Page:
مقاله انگلیسی رایگان در مورد جغرافیای تاثیر و تاثیر جغرافیا: نفت و گاز – الزویر ۲۰۱۸

elsevier

 

مشخصات مقاله
ترجمه عنوان مقاله جغرافیای تاثیر و تاثیر جغرافیا: نفت و گاز غیر متعارف در غرب آمریکا
عنوان انگلیسی مقاله Geographies of Impact and the Impacts of Geography: Unconventional Oil and Gas in the American West
انتشار مقاله سال ۲۰۱۸
تعداد صفحات مقاله انگلیسی ۱۵ صفحه
هزینه دانلود مقاله انگلیسی رایگان میباشد.
پایگاه داده نشریه الزویر
نوع نگارش مقاله مقاله مروری (review article)
مقاله بیس این مقاله بیس نمیباشد
نمایه (index) scopus – master journals
نوع مقاله ISI
فرمت مقاله انگلیسی  PDF
شاخص H_index ۱۴ در سال ۲۰۱۸
شاخص SJR ۰٫۹۰۱  در سال ۲۰۱۸
رشته های مرتبط مهندسی نفت
گرایش های مرتبط مهندسی حفاری
نوع ارائه مقاله ژورنال
مجله / کنفرانس صنایع استخراجی و جامعه – The Extractive Industries and Society
دانشگاه Department of Earth Sciences – Montana State University – USA
شناسه دیجیتال – doi
https://doi.org/10.1016/j.exis.2018.07.002
کد محصول E9619
وضعیت ترجمه مقاله  ترجمه آماده این مقاله موجود نمیباشد. میتوانید از طریق دکمه پایین سفارش دهید.
دانلود رایگان مقاله دانلود رایگان مقاله انگلیسی
سفارش ترجمه این مقاله سفارش ترجمه این مقاله

 

فهرست مطالب مقاله:
Highlights
Abstract
Keywords
۱ Introduction
۲ Social Impact Frameworks: All Welcome Here
۳ Situating UOG Development in the American West
۴ Impact Geographies of the American West
۵ Social Impacts and Perceptions Thereof: Key Questions and Themes
۶ Summary and Future Directions
References

بخشی از متن مقاله:
Introduction

Since oil wells first appeared in the territories of Colorado and California in the 1860s, oil and gas extraction has been an influential force in the American West. The modern western petroleum industry developed in surges of expansion and contraction during the 1920s, 1950s, and 1980s. Most recently, the so-called “Shale Revolution” of the 2000s ushered in waves of new and expanded production of dry and wet gas and oil, episodes that came shortly on the heels of a coalbed methane boom. There were 150,000 well completions in key petroleum-bearing geologic basins of the West and Northern Great Plains between 2000 and 2017; 40% were horizontally-drilled (IHS, 2018). From 2007 through 2017, unconventional oil and gas development (hereafter, UOG) in the West’s Niobrara and Bakken formations (found across a number of discrete geologic basins1 ) contributed 28% of United States shale oil production and 14% of shale gas yields (US EIA, 2018). A similarly booming social science literature has documented that these subsurface activities generate a mix of social impacts and outcomes for the people who occupy the diverse subsurface spaces and places above them. The local outcomes of UOG development range from a North Dakota community that rebranded itself as “Boomtown, USA” to Colorado communities that have attempted to ban UOG activities. This essay endeavors to review and synthesize among these varied spaces, places, impacts, and outcomes. The American West, defined here as the region of the United States located between the Pacific Coast mountain ranges and the 100th Meridian, features a number of distinguishing characteristics that enable and shape different patterns of energy development. The region is characterized by repeating patterns of high mountain ranges separating basins that contain thick sequences of sedimentary rocks. These strata host extensive reserves of oil and gas trapped in conventional and unconventional reservoirs and hold some of the largest coal reserves on Earth. This physiography controls climatic patterns responsible for solar and wind resources as well. At the regional scale, the West is made unique by the aridity of the climate; its spatial expansiveness; a settlement pattern in which pockets of extensive urban and suburban land use juxtapose an interior of vast open spaces and rugged mountain systems; the vitality, diversity and presence of contemporary indigenous populations2 along with the legacies of colonial conquest (Limerick, 1987; Reibsame and Robb, 2007; Wyckoff, 2014); the substantial amount of land and minerals owned and managed by the federal government; and the divergence of economic trends within the region (Gude et al., 2012). A set of persistent social issues emerges out of this setting and influences the local outcomes of energy development, such as: the importance and difficulty of accomplishing justice for Native Americans and other historically marginalized groups; the sensitive politics surrounding the allocation of scarce water resources; the challenge of protecting vulnerable ecosystems unique to the region; the challenges of distance or the social cost of space; and finally, the complications of accommodating conflicting social values about the region’s natural resources and their appropriate use. These distinguishing features and issues coalesce in unique patterns across the West to create distinct “impact geographies” that are the focus of this review essay. By impact geography we mean a spatiallybounded area that features a distinct constellation of historical, physiographic (including climate, geology and ecology), economic, and cultural factors that influence the nature of oil and gas development and the character and magnitude of its impacts on local people, ecologies and landscapes. We argue that given the great diversity in the targets, configurations, and processes of shale oil and gas development in the many places that host it in the American West (and beyond), the best way to organize a search for emerging patterns in its social impacts is to work with impact geographies as an organizing framework.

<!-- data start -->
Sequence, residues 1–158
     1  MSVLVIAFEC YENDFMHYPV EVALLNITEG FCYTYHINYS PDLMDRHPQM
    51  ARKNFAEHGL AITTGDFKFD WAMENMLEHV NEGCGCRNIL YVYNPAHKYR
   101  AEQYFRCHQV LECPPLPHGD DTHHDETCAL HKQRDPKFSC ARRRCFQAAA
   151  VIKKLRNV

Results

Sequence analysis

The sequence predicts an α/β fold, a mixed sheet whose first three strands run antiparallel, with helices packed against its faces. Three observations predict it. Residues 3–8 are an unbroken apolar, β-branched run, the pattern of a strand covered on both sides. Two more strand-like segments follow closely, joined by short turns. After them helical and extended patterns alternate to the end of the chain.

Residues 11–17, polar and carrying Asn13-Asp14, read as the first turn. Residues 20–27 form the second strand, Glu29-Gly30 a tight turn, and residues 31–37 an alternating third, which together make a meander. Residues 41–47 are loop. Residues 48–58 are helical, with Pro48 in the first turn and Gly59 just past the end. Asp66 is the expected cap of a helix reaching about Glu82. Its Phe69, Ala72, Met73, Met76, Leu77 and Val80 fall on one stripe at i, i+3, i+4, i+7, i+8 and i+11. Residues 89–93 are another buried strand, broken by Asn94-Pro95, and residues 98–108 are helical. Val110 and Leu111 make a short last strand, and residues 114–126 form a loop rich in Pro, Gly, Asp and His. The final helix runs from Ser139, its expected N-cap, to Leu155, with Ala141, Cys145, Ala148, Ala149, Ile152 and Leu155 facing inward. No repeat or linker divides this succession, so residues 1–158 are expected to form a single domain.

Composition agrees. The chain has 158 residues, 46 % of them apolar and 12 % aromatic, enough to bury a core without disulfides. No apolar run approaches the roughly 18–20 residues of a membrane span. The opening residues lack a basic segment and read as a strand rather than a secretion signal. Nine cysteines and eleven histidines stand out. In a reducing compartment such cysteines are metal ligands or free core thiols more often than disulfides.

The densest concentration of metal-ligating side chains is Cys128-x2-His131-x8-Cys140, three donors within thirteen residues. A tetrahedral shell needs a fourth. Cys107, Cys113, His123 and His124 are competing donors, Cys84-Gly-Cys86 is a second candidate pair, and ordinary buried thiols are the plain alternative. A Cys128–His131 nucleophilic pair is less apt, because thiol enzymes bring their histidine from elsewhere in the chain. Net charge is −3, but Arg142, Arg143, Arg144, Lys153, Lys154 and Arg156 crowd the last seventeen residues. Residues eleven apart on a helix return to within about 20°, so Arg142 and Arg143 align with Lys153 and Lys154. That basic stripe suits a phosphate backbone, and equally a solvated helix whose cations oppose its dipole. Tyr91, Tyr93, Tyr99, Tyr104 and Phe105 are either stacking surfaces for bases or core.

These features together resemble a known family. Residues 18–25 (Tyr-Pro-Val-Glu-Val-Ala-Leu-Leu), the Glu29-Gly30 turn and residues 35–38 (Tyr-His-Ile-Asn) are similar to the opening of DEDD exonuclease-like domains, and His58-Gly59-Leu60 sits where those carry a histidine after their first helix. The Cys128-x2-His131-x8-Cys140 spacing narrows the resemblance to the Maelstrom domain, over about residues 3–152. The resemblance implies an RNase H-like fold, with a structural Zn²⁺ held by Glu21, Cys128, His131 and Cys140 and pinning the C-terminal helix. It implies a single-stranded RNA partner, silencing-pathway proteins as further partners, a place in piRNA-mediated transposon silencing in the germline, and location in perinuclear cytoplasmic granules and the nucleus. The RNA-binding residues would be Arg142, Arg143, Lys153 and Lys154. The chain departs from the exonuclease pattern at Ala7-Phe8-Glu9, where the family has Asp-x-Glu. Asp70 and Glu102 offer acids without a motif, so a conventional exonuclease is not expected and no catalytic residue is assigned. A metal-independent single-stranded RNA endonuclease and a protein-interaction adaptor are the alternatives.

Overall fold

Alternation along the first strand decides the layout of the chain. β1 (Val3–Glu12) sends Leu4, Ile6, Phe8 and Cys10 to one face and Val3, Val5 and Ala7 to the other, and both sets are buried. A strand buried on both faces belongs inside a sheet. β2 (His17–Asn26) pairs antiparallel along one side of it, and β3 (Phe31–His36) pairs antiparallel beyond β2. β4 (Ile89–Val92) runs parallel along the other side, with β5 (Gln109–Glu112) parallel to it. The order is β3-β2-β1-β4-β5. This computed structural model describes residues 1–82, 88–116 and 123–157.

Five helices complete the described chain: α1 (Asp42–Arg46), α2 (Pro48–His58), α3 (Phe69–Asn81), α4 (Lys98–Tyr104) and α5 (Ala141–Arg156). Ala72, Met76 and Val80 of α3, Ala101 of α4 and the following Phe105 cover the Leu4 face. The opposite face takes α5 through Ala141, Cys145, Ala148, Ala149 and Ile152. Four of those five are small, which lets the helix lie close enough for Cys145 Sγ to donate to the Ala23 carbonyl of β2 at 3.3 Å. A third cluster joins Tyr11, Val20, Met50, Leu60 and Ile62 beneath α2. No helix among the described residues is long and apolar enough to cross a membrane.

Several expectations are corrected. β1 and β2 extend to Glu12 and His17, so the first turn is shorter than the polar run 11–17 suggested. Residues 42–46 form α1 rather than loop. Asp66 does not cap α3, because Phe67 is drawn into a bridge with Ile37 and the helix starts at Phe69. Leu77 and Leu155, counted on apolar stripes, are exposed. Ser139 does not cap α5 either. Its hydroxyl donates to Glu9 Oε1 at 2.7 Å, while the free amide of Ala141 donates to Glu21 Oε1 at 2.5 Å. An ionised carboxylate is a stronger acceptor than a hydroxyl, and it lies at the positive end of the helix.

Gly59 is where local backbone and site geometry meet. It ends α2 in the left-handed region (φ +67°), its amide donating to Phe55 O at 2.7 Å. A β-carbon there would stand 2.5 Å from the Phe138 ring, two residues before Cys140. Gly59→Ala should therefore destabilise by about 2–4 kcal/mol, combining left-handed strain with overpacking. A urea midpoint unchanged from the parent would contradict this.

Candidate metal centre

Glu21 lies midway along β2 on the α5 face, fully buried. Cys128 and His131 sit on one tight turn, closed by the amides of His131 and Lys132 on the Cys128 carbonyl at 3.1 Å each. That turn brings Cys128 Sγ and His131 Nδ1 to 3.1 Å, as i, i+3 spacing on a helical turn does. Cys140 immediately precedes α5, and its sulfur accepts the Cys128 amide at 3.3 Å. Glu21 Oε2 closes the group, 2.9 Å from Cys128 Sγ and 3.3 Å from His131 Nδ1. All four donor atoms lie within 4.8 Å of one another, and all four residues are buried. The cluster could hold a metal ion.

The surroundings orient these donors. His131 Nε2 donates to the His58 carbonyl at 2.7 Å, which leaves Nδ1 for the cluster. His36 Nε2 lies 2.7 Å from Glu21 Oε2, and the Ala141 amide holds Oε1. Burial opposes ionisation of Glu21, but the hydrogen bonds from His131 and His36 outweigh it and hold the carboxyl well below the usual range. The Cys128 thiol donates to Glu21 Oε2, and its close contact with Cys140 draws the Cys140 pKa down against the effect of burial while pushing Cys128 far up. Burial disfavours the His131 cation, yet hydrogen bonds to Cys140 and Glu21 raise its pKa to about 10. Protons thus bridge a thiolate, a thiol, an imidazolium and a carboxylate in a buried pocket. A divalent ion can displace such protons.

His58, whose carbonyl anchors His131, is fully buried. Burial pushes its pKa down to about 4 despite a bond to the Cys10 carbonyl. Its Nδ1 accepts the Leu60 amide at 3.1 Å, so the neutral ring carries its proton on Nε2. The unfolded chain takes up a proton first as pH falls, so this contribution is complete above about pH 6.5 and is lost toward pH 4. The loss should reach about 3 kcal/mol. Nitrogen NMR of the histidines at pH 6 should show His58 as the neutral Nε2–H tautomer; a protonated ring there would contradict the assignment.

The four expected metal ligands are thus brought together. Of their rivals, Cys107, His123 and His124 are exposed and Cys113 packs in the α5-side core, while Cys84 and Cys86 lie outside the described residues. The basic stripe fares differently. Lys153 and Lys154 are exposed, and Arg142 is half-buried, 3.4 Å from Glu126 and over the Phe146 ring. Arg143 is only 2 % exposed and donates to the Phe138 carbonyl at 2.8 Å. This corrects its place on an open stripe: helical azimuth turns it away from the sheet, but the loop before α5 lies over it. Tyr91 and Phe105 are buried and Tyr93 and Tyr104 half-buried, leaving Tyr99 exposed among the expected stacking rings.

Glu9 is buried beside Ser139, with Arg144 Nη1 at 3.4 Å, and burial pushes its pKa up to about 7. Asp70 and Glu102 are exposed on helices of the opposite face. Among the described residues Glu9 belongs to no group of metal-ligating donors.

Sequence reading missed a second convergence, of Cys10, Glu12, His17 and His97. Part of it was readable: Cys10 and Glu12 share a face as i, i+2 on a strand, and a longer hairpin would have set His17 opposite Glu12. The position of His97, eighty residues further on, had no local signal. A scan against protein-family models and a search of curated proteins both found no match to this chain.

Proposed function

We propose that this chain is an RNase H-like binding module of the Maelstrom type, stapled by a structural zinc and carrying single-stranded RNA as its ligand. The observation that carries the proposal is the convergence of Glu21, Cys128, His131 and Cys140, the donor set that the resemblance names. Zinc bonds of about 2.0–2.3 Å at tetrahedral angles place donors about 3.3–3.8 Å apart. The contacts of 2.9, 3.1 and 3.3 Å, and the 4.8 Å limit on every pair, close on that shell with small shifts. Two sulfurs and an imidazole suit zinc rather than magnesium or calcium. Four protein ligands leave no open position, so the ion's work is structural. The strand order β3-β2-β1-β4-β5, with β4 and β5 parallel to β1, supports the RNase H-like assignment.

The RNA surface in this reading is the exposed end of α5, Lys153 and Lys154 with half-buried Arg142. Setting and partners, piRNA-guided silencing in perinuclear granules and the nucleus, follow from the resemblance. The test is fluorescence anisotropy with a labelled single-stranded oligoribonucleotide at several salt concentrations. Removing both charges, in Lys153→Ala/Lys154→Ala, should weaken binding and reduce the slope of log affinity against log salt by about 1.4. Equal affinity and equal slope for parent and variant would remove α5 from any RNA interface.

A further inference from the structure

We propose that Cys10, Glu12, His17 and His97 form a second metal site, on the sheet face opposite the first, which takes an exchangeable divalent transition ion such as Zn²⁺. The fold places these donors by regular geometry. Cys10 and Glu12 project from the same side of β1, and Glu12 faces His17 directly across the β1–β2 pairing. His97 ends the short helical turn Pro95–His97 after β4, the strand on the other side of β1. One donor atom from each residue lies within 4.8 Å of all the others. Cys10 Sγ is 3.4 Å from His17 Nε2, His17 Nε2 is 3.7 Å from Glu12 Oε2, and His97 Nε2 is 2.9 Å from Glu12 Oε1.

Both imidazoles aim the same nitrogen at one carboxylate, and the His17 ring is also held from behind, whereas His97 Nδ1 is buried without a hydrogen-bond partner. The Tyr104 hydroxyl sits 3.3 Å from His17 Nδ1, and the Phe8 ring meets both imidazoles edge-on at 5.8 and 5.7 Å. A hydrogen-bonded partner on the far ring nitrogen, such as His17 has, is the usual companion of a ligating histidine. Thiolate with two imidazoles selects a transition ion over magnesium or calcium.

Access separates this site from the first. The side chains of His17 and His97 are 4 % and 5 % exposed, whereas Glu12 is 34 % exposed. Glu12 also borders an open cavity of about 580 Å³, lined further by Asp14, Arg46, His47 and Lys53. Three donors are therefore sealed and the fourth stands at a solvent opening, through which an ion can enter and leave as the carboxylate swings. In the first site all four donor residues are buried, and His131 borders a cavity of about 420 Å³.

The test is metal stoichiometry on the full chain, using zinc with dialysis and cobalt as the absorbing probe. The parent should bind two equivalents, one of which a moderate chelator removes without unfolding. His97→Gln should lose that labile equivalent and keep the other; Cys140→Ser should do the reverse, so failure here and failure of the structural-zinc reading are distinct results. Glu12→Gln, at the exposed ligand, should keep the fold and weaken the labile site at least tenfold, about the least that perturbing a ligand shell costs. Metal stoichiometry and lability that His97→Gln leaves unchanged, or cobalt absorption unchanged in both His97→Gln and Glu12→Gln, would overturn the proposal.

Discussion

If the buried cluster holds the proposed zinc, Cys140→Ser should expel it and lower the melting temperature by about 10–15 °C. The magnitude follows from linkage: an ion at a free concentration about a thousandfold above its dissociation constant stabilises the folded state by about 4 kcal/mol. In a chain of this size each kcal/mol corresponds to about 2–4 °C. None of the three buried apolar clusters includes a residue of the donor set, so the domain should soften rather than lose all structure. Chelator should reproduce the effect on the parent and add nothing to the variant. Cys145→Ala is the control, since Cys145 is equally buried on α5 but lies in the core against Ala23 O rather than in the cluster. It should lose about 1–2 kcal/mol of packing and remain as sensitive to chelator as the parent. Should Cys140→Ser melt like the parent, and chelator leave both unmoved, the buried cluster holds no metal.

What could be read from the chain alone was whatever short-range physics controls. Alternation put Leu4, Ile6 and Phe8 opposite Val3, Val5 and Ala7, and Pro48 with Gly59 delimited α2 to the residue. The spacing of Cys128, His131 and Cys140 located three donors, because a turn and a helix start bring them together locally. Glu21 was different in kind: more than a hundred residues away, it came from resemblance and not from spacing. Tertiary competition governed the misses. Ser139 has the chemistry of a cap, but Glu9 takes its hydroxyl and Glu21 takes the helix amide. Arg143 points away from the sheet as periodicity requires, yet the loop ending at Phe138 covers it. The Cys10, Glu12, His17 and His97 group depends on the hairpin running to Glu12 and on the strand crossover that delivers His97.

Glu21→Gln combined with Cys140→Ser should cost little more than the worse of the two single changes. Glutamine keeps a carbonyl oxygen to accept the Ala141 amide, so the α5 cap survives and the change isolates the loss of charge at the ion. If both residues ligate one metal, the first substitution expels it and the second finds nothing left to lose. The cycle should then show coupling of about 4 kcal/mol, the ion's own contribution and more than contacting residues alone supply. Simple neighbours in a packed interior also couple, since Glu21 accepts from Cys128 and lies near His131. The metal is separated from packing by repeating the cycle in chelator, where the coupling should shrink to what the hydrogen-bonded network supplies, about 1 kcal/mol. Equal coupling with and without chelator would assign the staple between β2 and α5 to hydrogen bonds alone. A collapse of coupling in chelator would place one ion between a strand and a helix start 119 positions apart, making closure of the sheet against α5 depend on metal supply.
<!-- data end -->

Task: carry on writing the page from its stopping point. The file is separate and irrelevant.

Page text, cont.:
ارسال دیدگاه

نشانی ایمیل شما منتشر نخواهد شد. بخش‌های موردنیاز علامت‌گذاری شده‌اند *